Watered Down 

 
visart-h20_330jpg
An artist's-eye view of "Hull," by Riley Robinson, one of several intriguing works in Southwest School's group show, H2O: Considering the Hydrosphere. Thirty-four well-known local artists contributed their meditations on water, including Alex de Leon, Rick Hunter, Chuck Ramirez, and Anne Wallace. (Photo by Mark Greenberg)

Panning for gold in the deluge at 'H2O'

At one point during the opening of H2O: Considering the Hydrosphere, the group show on view at the Southwest School of Art & Craft through March 14, I was escorting four youths, ages 6 to 15, through the exhibit. Their favorite piece by far was Anne Wallace's video, "Wild Thing: Love Song for a River When Water is the New Oil." I'm not prone to romanticize the insight of children, but in this case they picked the piece that made my heart beat faster, too - and it wasn't just that familiar pounding guitar track from The Troggs' 1966 anthem. Consisting of a quick montage of oil derricks followed by an aerial cruise over a fork of the Brazos river that runs through Wallace's family ranch, the video is lyrical, rough poetry. "Wild Thing" feels unfinished, like the early stage of a great idea. Still, the raw edges are essential to the feeling of wistful angst it leaves in its wake.

Because some works were created expressly for the show and others were pre-existing, H2Os assigned purpose - "an opportunity for San Antonio artists and the viewing public to ponder the innumerable ways that water is essential" - gets uneven attention. (The exhibit is sponsored by SAWS, and brochures and tchotchkes promoting conservation are available.) Vincent Valdez' "I could be wrong, I could be right," Lloyd Walsh's tattooed octopus, and Alex de Leon's enamel-on-steel painting, "She Drinks Like a Fish," while offering the always-welcome opportunity to see these artists' work, don't really further the proposed discussion. We don't seem to know how not to invite artists to participate in San Antonio.

"Hydrologic Cycle" is disturbing in the way its artful pop facsimile so effortlessly invokes the real, compromised resource that is polluted with chemicals from plastics and paints.
That undisciplined hand with the invited artists list means the gallery space is overcrowded, which does an injustice to much of the work. You can't back up for an unimpeded view of Leigh Anne Lester's shadow ripple, whose sine waves are traced with small punctures in the wall. And there's not enough room to contemplate the various angles of Riley Robinson's steel sculpture, "Hull." Fortunately, as with Robinson's 2002 work, "Freedom Train," the artist's close-up photographs of the piece (not included in H2O, but one image of "Hull" is on the brochure) reveal detail and intent that don't present themselves in the gallery space.

Themed shows can be disappointing - especially when the artworks themselves are not curated, as is the case here - because the result feels like a class assignment with an even bell curve from C to A, with lots of Bs in between. Chris Sauter is the precocious teacher's pet with his upholstered cardboard reconstruction of the Hoover Dam blocking one of the doorways between the gallery rooms. And Jayne Lawrence's "Hydrologic Cycle," featuring a long, cool ladder and idealized vinyl water drops, is disturbing in the way its artful pop facsimile so effortlessly invokes the real, compromised resource that is polluted with, among other things, chemicals from plastics and paints. On the literal side, but point well-taken, is Jeanette MacDougall's "I'm Parched Without You," a collection of jars filled with soil, seeds, and pigment.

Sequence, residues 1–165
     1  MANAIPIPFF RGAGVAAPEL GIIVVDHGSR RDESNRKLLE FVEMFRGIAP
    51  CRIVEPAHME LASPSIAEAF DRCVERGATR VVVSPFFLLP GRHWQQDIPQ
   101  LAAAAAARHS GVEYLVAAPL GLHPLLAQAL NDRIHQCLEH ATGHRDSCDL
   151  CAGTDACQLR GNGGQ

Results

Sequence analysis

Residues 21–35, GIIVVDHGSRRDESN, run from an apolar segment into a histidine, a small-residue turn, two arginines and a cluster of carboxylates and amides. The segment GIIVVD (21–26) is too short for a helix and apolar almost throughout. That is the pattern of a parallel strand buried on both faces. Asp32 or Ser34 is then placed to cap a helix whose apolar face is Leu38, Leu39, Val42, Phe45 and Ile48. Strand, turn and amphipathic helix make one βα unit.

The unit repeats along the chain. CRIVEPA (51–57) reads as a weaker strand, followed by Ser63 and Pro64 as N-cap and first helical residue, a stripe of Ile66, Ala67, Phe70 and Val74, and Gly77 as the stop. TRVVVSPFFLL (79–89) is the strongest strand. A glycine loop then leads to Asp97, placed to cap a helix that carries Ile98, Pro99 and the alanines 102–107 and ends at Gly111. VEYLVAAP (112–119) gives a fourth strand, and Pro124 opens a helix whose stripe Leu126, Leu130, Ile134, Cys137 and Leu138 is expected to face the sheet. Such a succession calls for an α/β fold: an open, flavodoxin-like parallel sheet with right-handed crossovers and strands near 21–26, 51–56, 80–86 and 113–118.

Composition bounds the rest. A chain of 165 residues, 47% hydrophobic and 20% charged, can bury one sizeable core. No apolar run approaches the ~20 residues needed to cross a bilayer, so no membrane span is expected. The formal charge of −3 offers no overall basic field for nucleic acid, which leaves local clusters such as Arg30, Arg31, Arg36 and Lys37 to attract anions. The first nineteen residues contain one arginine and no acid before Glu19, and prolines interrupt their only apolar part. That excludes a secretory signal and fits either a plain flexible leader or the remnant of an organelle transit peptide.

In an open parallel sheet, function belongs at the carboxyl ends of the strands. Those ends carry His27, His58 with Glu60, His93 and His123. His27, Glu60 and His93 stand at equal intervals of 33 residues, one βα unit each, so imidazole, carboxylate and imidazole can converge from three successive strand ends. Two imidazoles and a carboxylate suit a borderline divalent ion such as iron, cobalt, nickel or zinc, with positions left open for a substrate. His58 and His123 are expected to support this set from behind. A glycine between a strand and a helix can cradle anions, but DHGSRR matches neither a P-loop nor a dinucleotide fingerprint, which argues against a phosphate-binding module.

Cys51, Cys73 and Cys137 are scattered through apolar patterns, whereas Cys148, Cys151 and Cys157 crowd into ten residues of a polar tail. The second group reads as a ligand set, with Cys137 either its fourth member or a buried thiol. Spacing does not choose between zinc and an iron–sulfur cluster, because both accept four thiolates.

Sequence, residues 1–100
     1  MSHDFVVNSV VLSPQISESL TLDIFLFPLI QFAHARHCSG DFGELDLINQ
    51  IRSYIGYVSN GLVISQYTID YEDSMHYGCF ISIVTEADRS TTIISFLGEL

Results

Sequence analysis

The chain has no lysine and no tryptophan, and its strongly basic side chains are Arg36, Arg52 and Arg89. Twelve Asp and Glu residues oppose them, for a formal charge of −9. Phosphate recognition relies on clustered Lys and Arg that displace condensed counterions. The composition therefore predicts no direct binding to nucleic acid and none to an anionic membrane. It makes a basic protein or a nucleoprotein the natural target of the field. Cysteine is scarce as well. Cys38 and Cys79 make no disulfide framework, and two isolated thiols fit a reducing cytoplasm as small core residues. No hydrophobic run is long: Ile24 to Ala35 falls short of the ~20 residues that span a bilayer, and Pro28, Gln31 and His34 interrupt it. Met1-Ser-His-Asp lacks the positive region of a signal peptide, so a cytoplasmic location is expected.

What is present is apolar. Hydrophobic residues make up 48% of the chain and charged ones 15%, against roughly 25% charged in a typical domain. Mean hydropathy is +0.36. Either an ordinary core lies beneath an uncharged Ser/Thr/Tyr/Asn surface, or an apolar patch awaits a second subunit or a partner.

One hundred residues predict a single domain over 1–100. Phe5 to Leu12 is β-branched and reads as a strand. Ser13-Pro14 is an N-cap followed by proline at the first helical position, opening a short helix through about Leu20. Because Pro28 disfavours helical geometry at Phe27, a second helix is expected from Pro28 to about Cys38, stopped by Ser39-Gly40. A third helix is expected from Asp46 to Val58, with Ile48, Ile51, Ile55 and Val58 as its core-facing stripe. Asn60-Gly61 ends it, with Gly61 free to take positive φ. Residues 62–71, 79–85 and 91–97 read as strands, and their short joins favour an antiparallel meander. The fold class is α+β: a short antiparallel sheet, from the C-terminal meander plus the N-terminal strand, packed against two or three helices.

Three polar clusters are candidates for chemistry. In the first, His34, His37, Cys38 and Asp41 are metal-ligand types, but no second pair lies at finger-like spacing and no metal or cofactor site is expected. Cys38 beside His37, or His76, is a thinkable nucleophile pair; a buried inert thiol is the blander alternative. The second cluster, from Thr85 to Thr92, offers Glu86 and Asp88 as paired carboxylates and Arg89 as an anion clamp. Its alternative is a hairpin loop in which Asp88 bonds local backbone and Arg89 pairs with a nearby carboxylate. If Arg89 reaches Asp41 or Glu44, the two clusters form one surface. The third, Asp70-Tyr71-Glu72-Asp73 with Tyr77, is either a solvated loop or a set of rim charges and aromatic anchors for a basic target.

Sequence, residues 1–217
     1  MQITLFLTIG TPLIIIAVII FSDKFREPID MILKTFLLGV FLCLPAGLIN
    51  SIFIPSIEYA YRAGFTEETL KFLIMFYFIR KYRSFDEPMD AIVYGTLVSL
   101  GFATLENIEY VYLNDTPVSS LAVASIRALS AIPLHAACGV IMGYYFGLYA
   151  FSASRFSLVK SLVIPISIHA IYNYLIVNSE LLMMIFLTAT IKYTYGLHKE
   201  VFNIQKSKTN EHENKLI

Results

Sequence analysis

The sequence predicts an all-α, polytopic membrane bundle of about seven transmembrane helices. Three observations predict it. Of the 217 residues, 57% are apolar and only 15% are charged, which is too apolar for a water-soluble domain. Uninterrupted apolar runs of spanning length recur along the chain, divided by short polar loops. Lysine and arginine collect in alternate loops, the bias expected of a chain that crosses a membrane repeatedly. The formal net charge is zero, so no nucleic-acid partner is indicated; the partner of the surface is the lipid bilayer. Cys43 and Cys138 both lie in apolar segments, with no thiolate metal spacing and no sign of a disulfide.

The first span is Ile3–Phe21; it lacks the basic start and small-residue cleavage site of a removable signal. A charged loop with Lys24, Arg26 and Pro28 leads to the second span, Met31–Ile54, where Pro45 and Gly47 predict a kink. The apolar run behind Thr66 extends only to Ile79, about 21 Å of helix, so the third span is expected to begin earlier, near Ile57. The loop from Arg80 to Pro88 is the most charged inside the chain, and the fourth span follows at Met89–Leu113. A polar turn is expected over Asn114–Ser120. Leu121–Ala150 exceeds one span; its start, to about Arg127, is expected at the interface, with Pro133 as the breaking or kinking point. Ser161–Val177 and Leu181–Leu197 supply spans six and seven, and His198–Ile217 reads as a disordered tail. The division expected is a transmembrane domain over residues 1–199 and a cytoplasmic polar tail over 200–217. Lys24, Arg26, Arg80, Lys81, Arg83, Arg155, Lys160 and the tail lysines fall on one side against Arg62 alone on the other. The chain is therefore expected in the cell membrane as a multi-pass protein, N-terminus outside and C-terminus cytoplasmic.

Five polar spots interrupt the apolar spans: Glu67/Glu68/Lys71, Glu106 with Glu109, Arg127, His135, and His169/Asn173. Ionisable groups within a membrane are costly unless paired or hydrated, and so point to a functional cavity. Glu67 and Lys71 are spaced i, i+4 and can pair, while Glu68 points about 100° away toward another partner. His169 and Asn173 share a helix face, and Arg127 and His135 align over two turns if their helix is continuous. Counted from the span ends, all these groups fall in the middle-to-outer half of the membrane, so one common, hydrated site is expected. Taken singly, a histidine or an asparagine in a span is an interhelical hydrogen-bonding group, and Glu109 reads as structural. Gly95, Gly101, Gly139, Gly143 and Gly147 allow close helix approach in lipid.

H2O:

Considering
the
Hydrosphere


9am-5pm Monday-Saturday
11am-4pm Sunday
January 29-March 14
Free


Southwest School
of Art & Craft

Russell Hill Rogers Gallery
300 Augusta
224-1848


Current
Choice
ζ
But in many ways, the show belongs to the photographers. Uta Fehlhaber-Smith's multimedia piece is overwrought, with a repeating inset image detracting from her photographs of various points along the San Antonio River, but the encased vials of river water, sampled at the location of each corresponding image, directly address H2O's prescription. "Water Under the Bridge" could have turned into the worst sort of didactic conceptual project, but the set overcomes its handicaps in part by evoking the inherent art of science and methodology.

The pinhole cameras made from trash washed ashore on the Texas Gulf Coast make pale, watery images in Ralph Howell's "Flotsam and Jetsam." The artist's designation for his contraptions, "driftwood cameras," cleverly belies the nature of the detritus that clutters the oceans nowadays: tennis shoes and gas masks that won't disintegrate for decades. Including the actual camera-objects on ledges in front of the photographs, however, points up our current irritating refusal to interact with the artwork solely on its own terms. Now that endless "insight" is available to us through video documentaries, interviews, and hands-on exhibits, we need to relearn not to peek behind the curtain or, to put it biblically, stick our fingers in the wound.

Awaiting diligent viewers who thoughtfully work their way through H2O, is a simple gem. Rick Hunter's "Ice Water," a large-format, close-up photograph of condensation on classic anodized aluminum cups is striking in its vivid simplicity, demonstrating once again that, love him or hate him, Hunter knows how to compose and capture an image that imprints on the mind's eye. The crystalline drops of water, forming and sliding down the jewel-colored surface, bring the unmatched pleasure and absolute necessity of freshwater immediately to the viewer's senses. •


Calendar

Newsletters

Never miss a beat

Sign Up Now

Subscribe now to get the latest news delivered right to your inbox.